[Beowulf] Checkpointing using flash

Lux, Jim (337C) james.p.lux at jpl.nasa.gov
Fri Sep 21 09:58:10 PDT 2012

On 9/21/12 9:44 AM, "Ellis H. Wilson III" <ellis at cse.psu.edu> wrote:

>On 09/21/12 12:29, Lux, Jim (337C) wrote:
>> Flash is slow, though...  SLC NAND flash (pretty fast, 8 Gbit part) is
>> microseconds to write a 4kbyte (approx) page.  Erasing is about 700
>> microseconds  (reading is 25 microseconds)
>> MLC flash (say 512Gbit parts with 8 kBbyte pages) takes 1.3milliseconds
>> write a page, 3.8 ms to erase (75us to read)... And has a life of 3000
>> write/erase cycles.
>Modern MLC has at least a 10k cycle guarantee per-page, and research I'm
>doing at PSU has shown to me at least that this is a very low bar.
>Often it's way higher than that.

Yes.. I've tested 100k cycle SLC and it lasted way more than a million.
However, it's very temperature sensitive.. Get it warm and it forgets and
wears out faster.

>> That's 53 Mpbs streaming to the part.  Yeah, any practical design is
>> to have multiple interleaved devices, etc. so you can probably do it
>> faster..
>> But still, say you are checkpointing 8Gbyte.. That's 1300 seconds (yep,
>> about 20 minutes), assuming you've previously erased everything.
>As you mention there are multiple interleaved devices.  Specifically,
>modern flash devices (SSDs, which is what they plan to do this
>checkpointing with) have many layers of parallelism within them --
>channels, packages and dies to be exact.  Something like 4-8 channels,
>each having multiple packages on each channel (8-16 I think in modern
>devices) and each package having multiple dies inside (2-4 is common).
>And inside of each die you finally are looking at an individual flash
>So you can't calculate their speeds like HDDs -- it doesn't work like
>Basic COTS SSDs can provide upwards of 200MB/s sustained writes until
>erases have to be done or you've filled greater than ~80% of the drive.
>  So it's more like 40-60 seconds for 8GB, certainly not 1300 seconds.
>Use PCI-E flash devices and you're looking at much closer to 500MB/s to
>1GB/s, depending on what you are willing to spend.
>I mean, think about it -- modern HDDs can easily hit 100MB/s streaming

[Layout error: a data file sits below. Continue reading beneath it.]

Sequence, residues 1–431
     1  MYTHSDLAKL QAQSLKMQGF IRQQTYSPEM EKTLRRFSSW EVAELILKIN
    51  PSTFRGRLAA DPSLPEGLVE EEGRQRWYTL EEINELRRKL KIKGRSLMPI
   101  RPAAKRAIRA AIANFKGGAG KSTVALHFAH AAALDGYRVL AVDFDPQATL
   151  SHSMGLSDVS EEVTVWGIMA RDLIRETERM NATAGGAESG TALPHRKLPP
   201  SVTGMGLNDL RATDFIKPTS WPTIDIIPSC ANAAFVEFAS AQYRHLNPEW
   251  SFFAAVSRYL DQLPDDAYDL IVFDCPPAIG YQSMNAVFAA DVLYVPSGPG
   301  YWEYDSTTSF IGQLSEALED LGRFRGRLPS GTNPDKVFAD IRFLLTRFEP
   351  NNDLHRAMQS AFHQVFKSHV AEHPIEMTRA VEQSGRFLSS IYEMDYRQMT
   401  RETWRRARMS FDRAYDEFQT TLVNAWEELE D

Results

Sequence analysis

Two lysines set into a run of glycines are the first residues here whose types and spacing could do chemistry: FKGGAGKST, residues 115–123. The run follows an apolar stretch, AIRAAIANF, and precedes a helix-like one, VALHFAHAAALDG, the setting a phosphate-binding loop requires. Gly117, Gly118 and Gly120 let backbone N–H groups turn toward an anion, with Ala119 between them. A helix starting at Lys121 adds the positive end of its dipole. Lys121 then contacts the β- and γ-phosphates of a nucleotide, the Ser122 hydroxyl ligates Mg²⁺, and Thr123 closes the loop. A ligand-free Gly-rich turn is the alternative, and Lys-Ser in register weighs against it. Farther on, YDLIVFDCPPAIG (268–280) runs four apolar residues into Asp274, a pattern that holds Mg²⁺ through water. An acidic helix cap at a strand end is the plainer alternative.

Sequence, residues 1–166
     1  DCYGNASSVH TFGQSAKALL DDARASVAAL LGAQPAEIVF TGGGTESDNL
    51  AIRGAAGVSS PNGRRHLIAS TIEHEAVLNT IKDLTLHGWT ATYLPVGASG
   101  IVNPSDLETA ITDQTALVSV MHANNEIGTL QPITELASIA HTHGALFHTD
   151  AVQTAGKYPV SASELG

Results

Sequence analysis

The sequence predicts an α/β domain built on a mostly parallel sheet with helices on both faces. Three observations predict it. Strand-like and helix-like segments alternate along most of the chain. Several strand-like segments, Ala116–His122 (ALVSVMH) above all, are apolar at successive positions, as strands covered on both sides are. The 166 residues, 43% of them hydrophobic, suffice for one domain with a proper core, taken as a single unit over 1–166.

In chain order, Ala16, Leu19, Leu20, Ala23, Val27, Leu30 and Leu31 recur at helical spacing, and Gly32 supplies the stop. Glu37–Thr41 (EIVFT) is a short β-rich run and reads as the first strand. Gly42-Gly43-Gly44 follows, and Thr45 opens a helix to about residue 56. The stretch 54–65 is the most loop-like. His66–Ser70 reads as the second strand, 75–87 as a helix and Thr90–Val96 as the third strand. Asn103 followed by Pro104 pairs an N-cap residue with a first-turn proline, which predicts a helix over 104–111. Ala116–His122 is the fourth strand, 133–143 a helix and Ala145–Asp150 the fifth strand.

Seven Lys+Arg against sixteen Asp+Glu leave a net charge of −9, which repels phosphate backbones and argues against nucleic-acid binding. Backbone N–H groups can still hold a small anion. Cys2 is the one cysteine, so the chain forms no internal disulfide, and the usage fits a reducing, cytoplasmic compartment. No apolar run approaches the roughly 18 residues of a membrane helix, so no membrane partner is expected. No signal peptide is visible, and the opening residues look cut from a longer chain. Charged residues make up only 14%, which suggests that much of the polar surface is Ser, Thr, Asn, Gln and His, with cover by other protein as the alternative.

>sequential writes.  At 1300s to do 8GB you're suggesting flash is much
>slower (around 6MB/s) than that, which is definitely not the case.
>Maybe for USB thumb drives or some ridiculous single-deviced medium, but
>not real SSDs (especially PCI-E flash devices).

Yes.. You raise good points.  I suppose in this sort of application, one
can afford to use the "optimized for streaming write" sort of devices.

>> Fast compared to disk, maybe, but very slow.  Why not just mirror memory
>> (other than cost and power:  RAM is much less dense than flash)
>The cost and power concerns you mention with RAM mirroring are
>absolutely huge.  Flash is a steal compared to RAM on both counts.

Is it.. I haven't looked at the power consumption of DRAM recently, but I
suppose compared to RAM the flash doesn't draw any power between
checkpoints, and the duty cycle is low, so even if the flash part *is*
drawing a lot of power it's ok (the 512Gb parts I was looking at are on
the order of 50mA at 3.3V during a program/write operation)

>> There's also the write cycle limit.. If you're looking for very high
>> densities (USB thumb drive) you're looking at
>> A) serial interfaces
>> B) MLC NAND with maybe 10k cycle life on each page
>Let's say you do one checkpoint that saturates your flash every 4 hours
>and let the flash trickle that out to the underlying HDDs over the next
>4 hours before your next checkpoint.  Even with MLC (10k guarantee)
>that's around 5 years before you hit the guarantee, and I bet you'll be
>able to go a while after that.  Given that major supers don't last 5
>years, this is a non-issue.

Yes.. If that's the frequency of checkpoints.  I was thinking more like 1
checkpoint per second or 10 seconds.


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